Many Christian parents hold Ephesians 6:1-2 in their back pocket ready to whip out at any time to remind their children how they must honor and obey. But what does God say about the way we must treat our children? Does the Bible actually instruct us to honor our kids?
Making the Bible’s Honor Roll
God’s Word mentions various types of people that should be honored. This list includes those who do good (Rom. 2:10), serve the Lord (John 12:26), and risk their life for the work of Christ (Phil. 2:29). We are commanded to honor those who hold positions of authority, including parents (Eph. 6:2), pastors (1 Tim. 5:17), and government officials (1 Pet. 2:17). But we are also expected to show honor to people that God considers vulnerable or weak. These would include widows (1 Tim. 5:3), wives (1 Pet. 3:7), and certain members of the church body (1 Cor. 12:23).
The apostle Peter addresses honor a few different times throughout his first letter but then makes a startling all-inclusive statement in 1 Peter 2:17. He says, “Honor everyone.” That includes your aging grandparents who may not be able to remember what they ate for breakfast and your toddler that ends up with half of her breakfast in her hair.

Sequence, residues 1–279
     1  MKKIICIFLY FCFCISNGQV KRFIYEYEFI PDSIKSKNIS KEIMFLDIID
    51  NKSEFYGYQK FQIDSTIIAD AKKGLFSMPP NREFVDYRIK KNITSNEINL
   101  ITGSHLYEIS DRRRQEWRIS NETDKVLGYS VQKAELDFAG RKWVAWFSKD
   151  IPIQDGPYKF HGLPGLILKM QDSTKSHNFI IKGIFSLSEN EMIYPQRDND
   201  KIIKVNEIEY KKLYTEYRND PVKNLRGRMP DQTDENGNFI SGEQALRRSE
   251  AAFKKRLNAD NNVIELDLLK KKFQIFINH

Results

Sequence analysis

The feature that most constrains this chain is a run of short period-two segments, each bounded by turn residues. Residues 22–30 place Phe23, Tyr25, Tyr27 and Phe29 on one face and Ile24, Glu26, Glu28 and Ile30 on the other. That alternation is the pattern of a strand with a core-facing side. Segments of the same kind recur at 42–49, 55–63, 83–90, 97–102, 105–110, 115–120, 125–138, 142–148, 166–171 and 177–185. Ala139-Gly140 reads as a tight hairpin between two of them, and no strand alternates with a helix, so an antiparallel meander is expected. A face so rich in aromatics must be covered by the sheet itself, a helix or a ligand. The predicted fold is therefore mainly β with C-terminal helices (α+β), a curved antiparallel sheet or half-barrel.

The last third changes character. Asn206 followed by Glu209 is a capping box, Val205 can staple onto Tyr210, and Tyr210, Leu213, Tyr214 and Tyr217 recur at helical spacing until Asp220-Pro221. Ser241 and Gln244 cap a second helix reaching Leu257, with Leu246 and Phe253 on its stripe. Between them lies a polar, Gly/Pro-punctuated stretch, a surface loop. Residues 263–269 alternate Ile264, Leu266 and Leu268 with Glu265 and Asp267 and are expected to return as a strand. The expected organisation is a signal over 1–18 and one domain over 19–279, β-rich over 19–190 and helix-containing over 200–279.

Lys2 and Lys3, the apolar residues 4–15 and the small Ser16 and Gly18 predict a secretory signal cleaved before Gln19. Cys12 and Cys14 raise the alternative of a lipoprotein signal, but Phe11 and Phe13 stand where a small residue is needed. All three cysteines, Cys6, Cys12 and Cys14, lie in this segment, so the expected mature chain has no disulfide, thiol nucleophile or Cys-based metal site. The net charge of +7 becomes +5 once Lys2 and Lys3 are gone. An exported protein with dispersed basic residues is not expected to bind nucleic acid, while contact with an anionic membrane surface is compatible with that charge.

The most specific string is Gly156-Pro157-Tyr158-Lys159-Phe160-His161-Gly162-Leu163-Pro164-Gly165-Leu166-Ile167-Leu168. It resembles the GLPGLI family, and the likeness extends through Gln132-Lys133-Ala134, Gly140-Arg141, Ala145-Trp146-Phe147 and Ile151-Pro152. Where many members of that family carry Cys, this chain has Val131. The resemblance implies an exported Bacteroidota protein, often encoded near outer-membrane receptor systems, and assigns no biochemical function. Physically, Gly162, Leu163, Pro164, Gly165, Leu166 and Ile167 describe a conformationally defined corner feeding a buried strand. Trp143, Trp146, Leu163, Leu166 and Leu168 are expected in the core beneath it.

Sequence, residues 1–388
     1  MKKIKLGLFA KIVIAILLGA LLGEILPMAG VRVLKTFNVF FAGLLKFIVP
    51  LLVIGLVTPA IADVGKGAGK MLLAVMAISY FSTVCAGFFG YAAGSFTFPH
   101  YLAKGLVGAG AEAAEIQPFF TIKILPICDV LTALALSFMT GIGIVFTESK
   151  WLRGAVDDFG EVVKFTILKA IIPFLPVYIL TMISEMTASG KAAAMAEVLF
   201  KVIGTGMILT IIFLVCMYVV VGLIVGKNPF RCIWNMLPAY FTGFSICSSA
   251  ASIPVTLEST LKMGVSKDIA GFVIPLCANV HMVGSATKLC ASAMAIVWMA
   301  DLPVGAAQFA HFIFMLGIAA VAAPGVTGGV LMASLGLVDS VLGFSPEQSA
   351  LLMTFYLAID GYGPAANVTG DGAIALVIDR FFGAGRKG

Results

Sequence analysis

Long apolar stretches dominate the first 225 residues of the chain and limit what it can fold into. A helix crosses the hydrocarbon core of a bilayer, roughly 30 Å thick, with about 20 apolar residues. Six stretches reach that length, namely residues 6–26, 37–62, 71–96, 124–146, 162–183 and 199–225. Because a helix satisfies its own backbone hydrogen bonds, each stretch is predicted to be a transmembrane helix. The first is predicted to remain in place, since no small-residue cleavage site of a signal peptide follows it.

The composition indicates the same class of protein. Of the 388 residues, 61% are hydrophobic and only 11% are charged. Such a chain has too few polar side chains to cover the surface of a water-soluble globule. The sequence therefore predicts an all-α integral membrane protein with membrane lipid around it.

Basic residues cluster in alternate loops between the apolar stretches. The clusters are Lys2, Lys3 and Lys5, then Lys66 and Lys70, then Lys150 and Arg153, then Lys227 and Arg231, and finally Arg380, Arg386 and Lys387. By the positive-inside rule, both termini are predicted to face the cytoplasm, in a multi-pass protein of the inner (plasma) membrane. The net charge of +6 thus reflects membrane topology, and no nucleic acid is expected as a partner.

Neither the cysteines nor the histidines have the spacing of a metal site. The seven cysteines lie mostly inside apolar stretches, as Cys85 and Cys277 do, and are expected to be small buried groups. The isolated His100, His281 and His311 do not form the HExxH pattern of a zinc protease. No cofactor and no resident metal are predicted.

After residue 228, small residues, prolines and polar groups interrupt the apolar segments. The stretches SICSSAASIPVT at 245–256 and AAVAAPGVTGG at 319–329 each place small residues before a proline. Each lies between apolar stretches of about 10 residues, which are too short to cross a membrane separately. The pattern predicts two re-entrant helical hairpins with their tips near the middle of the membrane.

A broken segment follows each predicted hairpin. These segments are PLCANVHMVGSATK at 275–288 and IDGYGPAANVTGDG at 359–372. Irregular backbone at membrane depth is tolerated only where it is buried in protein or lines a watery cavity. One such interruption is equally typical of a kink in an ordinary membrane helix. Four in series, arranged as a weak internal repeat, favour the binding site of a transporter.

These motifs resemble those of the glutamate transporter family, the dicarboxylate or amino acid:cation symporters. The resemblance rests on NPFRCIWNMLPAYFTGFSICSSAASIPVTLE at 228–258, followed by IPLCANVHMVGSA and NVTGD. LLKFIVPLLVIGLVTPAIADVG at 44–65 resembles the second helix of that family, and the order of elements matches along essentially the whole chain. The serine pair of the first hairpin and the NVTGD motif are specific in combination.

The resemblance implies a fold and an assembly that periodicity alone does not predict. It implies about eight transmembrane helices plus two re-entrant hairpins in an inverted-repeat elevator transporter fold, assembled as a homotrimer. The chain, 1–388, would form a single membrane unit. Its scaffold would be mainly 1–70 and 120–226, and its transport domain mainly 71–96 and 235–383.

Why should we honor everyone? God commands us to honor everyone, not because of what they are able to do or not do but because God “crowned them with honor” (Heb. 2:7) and because we have all been created in “God’s image” (Jam. 3:9). By honoring people, both great and small, we are honoring the image of God in man and valuing His creation.
Honor Your Kids Before They’re Born
According to God, no conception is an accident, no matter how you and your wife feel about it. We’ve all heard parents talk about “surprise pregnancies” or babies that came after they were “done having kids.” This links that baby with not being part of their plan, which hints that the child was not originally wanted.
My guess is that most children wouldn’t appreciate being considered accidents. Even if it was not your “plan” to have a baby at that time or to have another baby at all, you can be confident that any life that God gives is worth celebrating. The fact that your child hasn’t entered the world isn’t a good reason to make jokes or excuses about their existence. Our society has publicly and militantly dishonored human life in the womb. As Christians, let’s publicly celebrate the value of our children before they’re born!